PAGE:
TUNE-IN to Hope FM
Hope FM broadcasts live in the Bournemouth, Christchurch and Poole (BCP) areas of Dorset in the UK. But is is possible to listen anywhere in the world via its streaming output. You can also listen to Hope FM via radio apps such as TuneIn, either directly on the internet or via apps on your Smart devices. This page provides advice on how to do this.
Tune-in via Local FM Radio
All community radio stations, like Hope FM, have a regulatory limit to their broadcasting power because they are only intended to cover their local area. If they were more powerful they would interfere with similar stations in nearby regions. So their broadcast signal is considerably lower power than that of more powerful radio stations covering much larger areas. For this reason it can sometimes be tricky to tune-in to community radio stations if you are near the borders of their cover or if conditions are bad. This note will help you to overcome these problems. Be aware, however, that certain weather conditions (such as high pressure) can affect FM reception of low-power signals.
Tune-in on your home radio
This probably requires a radio with a proper roof aerial (as opposed to a portable radio). You need to do this manually as opposed to auto-scan (because auto-scan will ignore lower-power signals, wrongly assuming they are outside your area). Once you have locked-on to 90.1 FM then preset the station so you can find it easily in the future.
If you cannot find the station, the best solution is to change the direction in which your roof aerial is pointing. The Hope FM transmitting aerial is on top of a building in the main Bournemouth University campus, so aim your aerial for that, then try tuning-in again. (You can use an ordnance survey map to check the correct bearing to the university.) Changing the direction of your aerial is unlikely to prevent it picking up the strong signals from more powerful radio stations like the BBC. Another solution is an aerial-booster.
If you happen to be in a borderline area, or have a poor FM aerial and the stereo signal is took weak for good listening on 90.1 FM because of background noise or fading, consider these options.
If your receiver gives you the option of switching to 'mono' then try that first. Mono does not require such a strong signal and this could remove reception problems under most weather conditions. Or you could try manually off-tuning to 90.15 FM to also improve reception by sacrificing the stereo signal. (This worked for me when I lived in a poor signal area of Southbourne. Be aware that whereas 'HOPE FM' may appear on you radio when tuned correctly to 90.1 FM, only the wavelength will appear if you off-tune.)
Tune-in on your car radio
Most good car radios can pick-up the 90.1 Hope FM signal within the BCP area. You need to manually tune-in rather than rely on auto-scan, as explained above. Once the station is found, set-up a preset. Car radios that preset with a button usually just require you to hold that button in for a few seconds in order to achieve that. (More modern radios make this much more tricky! Read the manual.) I can pickup Hope FM throughout the target BCP region and beyond: including many areas of the New Forest, Ferndown, Wimborne, Highcliffe, Ringwood, etc.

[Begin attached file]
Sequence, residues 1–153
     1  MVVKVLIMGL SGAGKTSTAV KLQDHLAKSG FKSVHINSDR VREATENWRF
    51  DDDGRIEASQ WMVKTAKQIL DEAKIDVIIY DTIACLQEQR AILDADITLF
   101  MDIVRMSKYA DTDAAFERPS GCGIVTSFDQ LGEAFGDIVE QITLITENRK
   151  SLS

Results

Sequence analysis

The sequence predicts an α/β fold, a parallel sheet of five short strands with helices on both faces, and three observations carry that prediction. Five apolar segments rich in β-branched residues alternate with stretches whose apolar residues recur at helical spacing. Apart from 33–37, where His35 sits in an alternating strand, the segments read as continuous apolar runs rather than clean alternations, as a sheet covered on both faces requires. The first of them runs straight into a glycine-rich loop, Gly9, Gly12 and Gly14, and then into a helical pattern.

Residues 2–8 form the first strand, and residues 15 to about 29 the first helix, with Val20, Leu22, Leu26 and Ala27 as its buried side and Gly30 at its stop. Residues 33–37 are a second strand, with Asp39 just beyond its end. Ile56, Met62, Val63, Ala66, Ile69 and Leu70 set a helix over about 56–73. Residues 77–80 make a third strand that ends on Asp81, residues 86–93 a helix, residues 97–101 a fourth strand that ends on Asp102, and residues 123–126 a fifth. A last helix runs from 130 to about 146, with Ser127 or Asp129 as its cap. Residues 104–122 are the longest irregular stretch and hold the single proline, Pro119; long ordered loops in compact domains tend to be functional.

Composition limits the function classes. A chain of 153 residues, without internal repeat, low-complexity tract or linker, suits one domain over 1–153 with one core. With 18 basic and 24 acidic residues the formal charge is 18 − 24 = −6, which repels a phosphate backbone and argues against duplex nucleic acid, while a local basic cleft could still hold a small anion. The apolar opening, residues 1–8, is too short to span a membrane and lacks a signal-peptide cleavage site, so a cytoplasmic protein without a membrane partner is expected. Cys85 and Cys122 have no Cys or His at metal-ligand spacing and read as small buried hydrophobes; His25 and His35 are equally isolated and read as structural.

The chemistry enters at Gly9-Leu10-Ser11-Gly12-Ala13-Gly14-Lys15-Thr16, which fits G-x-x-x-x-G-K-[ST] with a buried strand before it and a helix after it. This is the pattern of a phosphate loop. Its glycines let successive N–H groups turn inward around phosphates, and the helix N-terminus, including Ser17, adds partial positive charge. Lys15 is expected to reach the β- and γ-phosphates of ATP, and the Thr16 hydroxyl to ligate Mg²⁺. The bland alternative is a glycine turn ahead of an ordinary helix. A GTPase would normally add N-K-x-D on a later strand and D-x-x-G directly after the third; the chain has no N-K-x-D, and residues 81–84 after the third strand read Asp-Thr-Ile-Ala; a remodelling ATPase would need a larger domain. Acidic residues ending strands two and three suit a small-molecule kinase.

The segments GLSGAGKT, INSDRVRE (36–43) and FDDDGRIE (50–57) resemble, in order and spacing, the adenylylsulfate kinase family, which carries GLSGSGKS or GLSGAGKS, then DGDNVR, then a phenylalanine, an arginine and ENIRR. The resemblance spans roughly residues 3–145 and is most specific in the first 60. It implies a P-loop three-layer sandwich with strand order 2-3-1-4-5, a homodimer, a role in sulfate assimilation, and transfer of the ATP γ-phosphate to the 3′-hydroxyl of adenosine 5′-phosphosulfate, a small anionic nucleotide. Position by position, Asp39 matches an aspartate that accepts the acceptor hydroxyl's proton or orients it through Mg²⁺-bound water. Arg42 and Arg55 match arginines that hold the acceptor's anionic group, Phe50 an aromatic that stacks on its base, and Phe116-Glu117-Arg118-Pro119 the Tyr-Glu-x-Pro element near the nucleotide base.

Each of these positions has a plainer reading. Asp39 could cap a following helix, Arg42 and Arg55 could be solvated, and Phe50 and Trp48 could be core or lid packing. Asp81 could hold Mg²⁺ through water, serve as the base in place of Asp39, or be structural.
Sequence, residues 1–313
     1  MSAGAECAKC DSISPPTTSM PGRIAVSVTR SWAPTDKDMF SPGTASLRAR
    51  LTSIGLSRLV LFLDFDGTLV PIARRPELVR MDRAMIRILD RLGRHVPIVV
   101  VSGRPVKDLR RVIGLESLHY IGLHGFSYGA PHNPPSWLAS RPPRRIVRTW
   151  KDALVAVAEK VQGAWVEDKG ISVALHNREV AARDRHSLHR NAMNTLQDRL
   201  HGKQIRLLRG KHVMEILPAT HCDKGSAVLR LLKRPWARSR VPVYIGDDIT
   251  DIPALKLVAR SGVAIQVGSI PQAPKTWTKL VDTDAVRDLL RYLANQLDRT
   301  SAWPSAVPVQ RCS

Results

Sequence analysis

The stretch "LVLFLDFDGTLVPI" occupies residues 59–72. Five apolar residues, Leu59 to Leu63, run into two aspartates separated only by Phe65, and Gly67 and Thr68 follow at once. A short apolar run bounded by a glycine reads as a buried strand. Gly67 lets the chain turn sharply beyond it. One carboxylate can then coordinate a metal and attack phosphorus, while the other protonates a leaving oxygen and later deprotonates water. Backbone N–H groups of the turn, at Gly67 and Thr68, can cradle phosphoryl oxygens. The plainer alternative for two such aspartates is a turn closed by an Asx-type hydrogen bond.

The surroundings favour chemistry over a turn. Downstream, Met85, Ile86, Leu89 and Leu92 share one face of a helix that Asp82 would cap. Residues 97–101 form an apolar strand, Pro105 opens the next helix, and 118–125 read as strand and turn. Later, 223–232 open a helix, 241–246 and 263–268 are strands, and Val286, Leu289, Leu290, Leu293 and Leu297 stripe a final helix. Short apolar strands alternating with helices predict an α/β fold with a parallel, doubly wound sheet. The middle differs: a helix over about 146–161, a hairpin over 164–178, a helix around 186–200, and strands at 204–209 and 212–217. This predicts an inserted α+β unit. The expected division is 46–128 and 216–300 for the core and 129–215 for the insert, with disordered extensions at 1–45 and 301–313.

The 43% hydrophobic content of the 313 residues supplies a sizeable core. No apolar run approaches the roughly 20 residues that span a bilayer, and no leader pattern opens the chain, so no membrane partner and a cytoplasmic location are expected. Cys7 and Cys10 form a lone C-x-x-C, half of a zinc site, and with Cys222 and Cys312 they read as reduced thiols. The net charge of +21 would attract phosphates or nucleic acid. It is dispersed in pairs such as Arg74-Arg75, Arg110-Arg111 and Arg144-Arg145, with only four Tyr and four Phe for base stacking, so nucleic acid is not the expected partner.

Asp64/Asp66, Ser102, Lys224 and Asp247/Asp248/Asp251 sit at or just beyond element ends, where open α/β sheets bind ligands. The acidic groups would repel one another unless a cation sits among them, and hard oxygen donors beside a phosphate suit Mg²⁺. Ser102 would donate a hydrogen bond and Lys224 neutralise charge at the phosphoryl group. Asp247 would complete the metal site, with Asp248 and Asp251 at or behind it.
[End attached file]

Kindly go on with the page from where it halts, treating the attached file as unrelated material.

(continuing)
If you have a problem, I suggest you drive into central Bournemouth where the signal is stronger, tuning-in manually there and then preset the station. After that you have it! (We are not yet on DAB radio, but most car radios operating on DAB switch to FM for a stations such as ours.)
Tune-in using an App
If your are not in the Hope FM's local area you can still get this radio station via most Smart TVs or speakers, or the internet, using the TuneIn App and searching for '90.1 Hope FM'. Or download the Hope FM app to your mobile device or use the Catch-up website facility to listen to a recent show you missed. (See how on my Radio page).
streamWriter: schedules radio recordings
'This one is only for those who are 'computer savvy'. It is a way of listening LIVE to - or recording - just about any radio show that is available on the internet. The only snag is that the app is a bit tricky to get to grips with, does not have a very helpful user guide, and a 1-hour recording takes a whopping 57,000 Kb of your memory. (To put this into context, a typical image takes under 1,000 Kb.) So a 1-hour sound recording uses as much memory as over 50 pictures. But, so long as you DO NOT try to use it on your phone or tablet, and have a decent amount of memory on you laptop or PC, storing recordings like this is no problem. Just be aware of what you are doing. (And don't leave it there forever!)
I use streamWriter to record shows - and very good it is too! You may think it looks a bit suspicious and 'foreign' when you go through the download procedure, but I have never had any problems with it (technical or financial), and I have been using it since 2017.
There is a Help section available from the menu, but this is not very extensive, so here are a few tips for use after you have downloaded the app. With the 'Streams' tab selected in the left-hand division, use the 'Browser' tab in the right-hand division and search for '90.1 hope fm' (or any other station). Select it from the search list, make sure that for Hope FM it is showing our logo (there are OTHER Hope FMs in the world), and it then becomes listed in the left-hand 'Streams' section - ready for use.
Once a station is listed on the 'Streams' tab you can play it live using the upper control buttons, or right-click the station name to set-up a scheduled recording (either on a specific date or a regular basis). To record, of course, you have to have streamWriter actually open on your device at the relevant time. You can subsequently find the recorded show using the left-hand 'Saved Songs' tab.
CAUTION: Make sure you do not leave this app recording longer than you intend or it will gobble up your memory really fast!